Sci-fi / Fantasy · Young Adult

Birth: The Exquisite Sound of One Hand Falling Off a Turnip Truck by S.T. Gulik

The onslaught of nine dimensional colors faded back into the identifiable spectrum as tiny pinpricks of the great illusion reclaimed Max’s mind, one molecule at a time. The pressure that had been propelling him through the cosmos was letting up, and the subsequent decrease in velocity destroyed his footing in the multiverse. Soon he was collapsing back into himself. The metallic white noise of everything decreased to a rumbling growl, gently vibrating his waking framework. With sensation came his individual will, which adamantly disagreed with the stream in which it was caught. He knew what had to be done, but he wasn’t happy about it.
He cracked an eyelid and immediately regretted it. The goddamned night noodles were at it again. The sudden jolt of recognition and fear was a bullet to the head for his altered state of consciousness. Suddenly sober and hovering three feet in the air above Scarlet’s befuddled Bio-Bed, Max was once again in the grip of those strange prodding shapes.
Damn it, I thought that was a nightmare. Maybe I’m still asleep?
He tried to wish them into beautiful nymphets.
It didn’t work.
Had he landed in some other part of the multiverse? He tried to speak. He wanted to scream, to shoo them away like the pests they were, but his voice box was as paralyzed as the rest of him.
At least they weren’t poking at him as much as last time. When he was fully awake, the black, squiggly creatures formed a circle around him. Hovering a few feet away, they struck strange poses, which made them look even more like pictograms. They were back-lit with a pulsing purple light from an unidentifiable source. He got the impression he was supposed to read them, but he couldn’t read Japanese let alone alien. They were definitely trying to tell him something, but whether it was imperative or declarative he couldn’t tell. They rotated him slowly, as if to show him the proper order of words, but all he learned was that Cheeky was still sound asleep. At least he would be spared the indignity of being someone’s toy.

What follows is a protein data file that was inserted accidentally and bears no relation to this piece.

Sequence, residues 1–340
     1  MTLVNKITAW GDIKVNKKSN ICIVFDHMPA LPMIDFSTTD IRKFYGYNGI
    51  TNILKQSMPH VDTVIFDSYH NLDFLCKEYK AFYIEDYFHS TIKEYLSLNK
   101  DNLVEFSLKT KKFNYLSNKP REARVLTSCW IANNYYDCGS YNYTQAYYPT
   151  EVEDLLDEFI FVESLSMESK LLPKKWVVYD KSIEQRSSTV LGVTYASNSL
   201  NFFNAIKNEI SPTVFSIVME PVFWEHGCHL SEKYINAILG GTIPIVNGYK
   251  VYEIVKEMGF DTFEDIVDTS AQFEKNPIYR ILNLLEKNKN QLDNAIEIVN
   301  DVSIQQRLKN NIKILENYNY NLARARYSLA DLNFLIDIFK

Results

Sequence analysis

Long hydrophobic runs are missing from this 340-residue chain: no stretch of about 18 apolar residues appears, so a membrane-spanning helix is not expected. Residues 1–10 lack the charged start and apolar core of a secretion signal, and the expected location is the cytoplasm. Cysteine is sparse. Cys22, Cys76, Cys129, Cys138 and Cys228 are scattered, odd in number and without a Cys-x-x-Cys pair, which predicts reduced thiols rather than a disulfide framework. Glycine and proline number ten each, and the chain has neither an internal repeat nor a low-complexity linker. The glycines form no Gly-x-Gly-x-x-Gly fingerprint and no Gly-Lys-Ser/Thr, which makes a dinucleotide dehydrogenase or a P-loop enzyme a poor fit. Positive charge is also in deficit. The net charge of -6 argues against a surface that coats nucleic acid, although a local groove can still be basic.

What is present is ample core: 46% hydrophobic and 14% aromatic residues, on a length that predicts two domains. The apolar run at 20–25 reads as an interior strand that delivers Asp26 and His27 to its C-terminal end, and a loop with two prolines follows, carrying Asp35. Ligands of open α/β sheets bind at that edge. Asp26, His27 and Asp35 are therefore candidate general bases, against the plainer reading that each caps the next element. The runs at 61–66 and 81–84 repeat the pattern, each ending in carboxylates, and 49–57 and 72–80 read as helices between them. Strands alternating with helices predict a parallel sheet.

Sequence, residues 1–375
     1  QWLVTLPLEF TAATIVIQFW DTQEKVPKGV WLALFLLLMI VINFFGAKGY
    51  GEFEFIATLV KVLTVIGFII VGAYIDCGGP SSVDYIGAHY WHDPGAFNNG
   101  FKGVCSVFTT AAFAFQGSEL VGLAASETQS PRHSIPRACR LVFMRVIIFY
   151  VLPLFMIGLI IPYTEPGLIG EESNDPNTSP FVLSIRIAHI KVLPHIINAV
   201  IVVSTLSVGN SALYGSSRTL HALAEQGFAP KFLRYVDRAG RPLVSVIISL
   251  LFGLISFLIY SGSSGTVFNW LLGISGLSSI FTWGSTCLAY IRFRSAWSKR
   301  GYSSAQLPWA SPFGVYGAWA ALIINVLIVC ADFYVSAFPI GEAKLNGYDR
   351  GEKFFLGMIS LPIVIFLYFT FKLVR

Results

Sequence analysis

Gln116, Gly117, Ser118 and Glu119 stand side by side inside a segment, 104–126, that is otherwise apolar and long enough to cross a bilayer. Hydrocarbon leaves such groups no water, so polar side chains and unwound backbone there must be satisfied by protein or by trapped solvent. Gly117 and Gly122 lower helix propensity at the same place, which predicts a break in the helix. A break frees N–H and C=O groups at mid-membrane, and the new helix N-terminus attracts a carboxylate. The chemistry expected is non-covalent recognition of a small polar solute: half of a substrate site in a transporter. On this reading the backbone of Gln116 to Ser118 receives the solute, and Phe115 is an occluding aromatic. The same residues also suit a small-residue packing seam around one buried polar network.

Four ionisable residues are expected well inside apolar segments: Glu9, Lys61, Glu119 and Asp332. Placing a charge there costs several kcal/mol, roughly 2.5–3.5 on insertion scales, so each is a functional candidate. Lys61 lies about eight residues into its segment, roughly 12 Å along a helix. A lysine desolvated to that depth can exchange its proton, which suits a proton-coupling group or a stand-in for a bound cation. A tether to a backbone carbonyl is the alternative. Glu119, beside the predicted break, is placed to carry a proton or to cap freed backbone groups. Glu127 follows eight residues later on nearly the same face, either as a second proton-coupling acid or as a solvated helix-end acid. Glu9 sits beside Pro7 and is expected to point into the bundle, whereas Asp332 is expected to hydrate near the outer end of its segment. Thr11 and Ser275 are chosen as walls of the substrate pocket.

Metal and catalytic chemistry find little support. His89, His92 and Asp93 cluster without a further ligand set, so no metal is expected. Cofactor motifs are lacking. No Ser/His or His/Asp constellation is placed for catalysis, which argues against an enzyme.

They floated him horizontally out the bedroom to the living room window and pressed his face against the glass. Outside, a couple of vagrants were going car to car, trying door handles in the half-empty parking lot. The tower of the Jengists swayed slightly in the distance, scraping the night sky with irregular fingernails. The dull glow of a bonfire illuminated robed figures moving slowly among the beams.
He was floated backwards and rotated vertically then turned towards the kitchen. One of the things hurled a bag of coffee at him. It exploded upon impact with his face, but rather than falling to the floor, the beans hovered around his head as if caught in a gravitational field. The things resumed their previous positions around him as he spun.
This went on for a good twenty minutes or so until Max was almost lulled to sleep. Suddenly, the beans themselves exploded into ground coffee, which infiltrated his clothes and scraped across his flesh, violating every orifice. Not even his belly button was safe. Meanwhile, the things had taken to bouncing around the room like bored children.
I’m really starting to hate these things.
A few minutes later, the coffee fell away as ineffectually as it should have to begin with. The largest one, possibly their leader, grew larger as it floated toward him. It stopped by a lamp about four feet away and began to change. Twisting itself into a ridiculously complex three dimensional shape, it rotated slowly in the lamplight, projecting a series of figures on the wall.
You can do that, but you can’t write in English.
As if in response to Max’s unspoken hostility, the wriggling mass burst into flame. Seconds later, all that was left was a black spot on the ceiling. The others all faded into the shadows and Max was dropped on his ass.
“Goddammit, stop doing that! What the fuck are you assholes? If there’s something you want to tell me, tell me in fucking English.”
He pushed himself to his feet and glanced around to make sure he was really alone. They seemed to be gone, but how could he be sure when the things were only partly there to begin with? It didn’t matter since he couldn’t defend himself, so he shifted his focus to something more productive.

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